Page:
1 comment:

Hugo Jenks said...

Hello Brian

There is a fascination with the question of "how" the bluestones were moved, as you point out. With minimal (or no) evidence, then all manner of strange ideas can be inserted.

I do like your methodical approach to the matter, and have read your book with great interest. Your arguments come across as highly plausible. I am not a geologist, so cannot easily comment on the details of your argument, but it is obvious that a huge mass of moving ice has the ability to move large blocks of stone along large distances.

Interesting that the Time Team programme showed a number of parallel gullies, which so happened to coincide with the direction of the Stonehenge Avenue, carved by natural processes. It was described in the programme as "rather worrying"!

For me, the question of "why" is even more fascinating than the "how" question. Why did they build these structures? Whether or not the stones were lying around in the vicinity, or had to me moved many miles, it still requires a level of organisation and motivation to do it.

As you know, I have been particularly drawn to Stonehenge at the Sarsen phase. By examining its form, I have developed some ideas relating to its function at that phase. How that ties in with the earlier bluestone phase (Q and R holes), I have yet to investigate. I do not have sufficiently accurate plans, and the original excavations have not given a complete picture anyway, making the task problematic.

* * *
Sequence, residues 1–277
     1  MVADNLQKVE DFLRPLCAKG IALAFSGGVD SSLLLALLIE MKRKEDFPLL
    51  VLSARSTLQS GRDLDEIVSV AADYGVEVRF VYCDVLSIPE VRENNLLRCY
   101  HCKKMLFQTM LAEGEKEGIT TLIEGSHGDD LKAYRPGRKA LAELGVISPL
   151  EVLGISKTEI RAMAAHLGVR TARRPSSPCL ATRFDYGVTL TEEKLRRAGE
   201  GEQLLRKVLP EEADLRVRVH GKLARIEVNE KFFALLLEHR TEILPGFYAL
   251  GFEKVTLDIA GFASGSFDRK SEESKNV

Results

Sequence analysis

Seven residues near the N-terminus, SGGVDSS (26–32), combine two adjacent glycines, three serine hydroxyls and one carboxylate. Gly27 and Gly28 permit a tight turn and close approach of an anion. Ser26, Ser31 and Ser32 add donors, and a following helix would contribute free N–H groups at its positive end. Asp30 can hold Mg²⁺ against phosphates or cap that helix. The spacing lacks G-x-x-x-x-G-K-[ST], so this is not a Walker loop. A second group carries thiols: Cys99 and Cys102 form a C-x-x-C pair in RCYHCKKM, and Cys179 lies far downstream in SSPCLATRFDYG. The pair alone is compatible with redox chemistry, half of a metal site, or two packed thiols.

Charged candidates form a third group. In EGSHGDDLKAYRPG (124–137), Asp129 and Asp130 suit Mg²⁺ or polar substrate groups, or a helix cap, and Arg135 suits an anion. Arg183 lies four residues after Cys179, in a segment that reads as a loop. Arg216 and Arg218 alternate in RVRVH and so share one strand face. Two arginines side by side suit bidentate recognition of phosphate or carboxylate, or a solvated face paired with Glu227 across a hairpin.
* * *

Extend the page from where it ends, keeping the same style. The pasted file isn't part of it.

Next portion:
A video outline of my thoughts is on YouTube, with the title "Stonehenge Astronomical Observatory". Note that this theory purely makes use of the Sarsens (the circle and the trilithons), not the bluestones, nor the Aubrey, Y, Z, Q or R holes, nor the Heel stone. "Keep it simple"!

Going back to the idea of bluestones in Aubrey holes: I do have problems with this. As far as I am aware, there is no accurate date for when the Aubrey holes were actually dug. All we would need would be a sample of antler pick, which could be radiocarbon dated. I do have an additional theory, which I aired on the Eternal Idol blog. It was not received with enthusiasm, shall I say!

I have noticed something quite fascinating, to do with the shape: A remarkable number of the Aubrey holes (about half of them) pretty much line up radially with the Y and Z holes, and with the uprights of the Sarsen circle. To me this seems just too much of a coincidence. It has the implication that the Aubrey holes were associated with the Y and Z holes, and that suggests furthermore that they were of the same date. The Y and Z holes have been reasonably reliably dated to some seven centuries AFTER the Sarsens were erected. (It also does not invalidate my observatory theory. It was probably a very different culture by that date, probably not so interested in observing the sky.)

So if my Aubrey hole date theory is correct, it would make even more of a nonsense of the official bluestone theory.

I have described all of this in my book. Did I sent you a copy? I cannot now remember.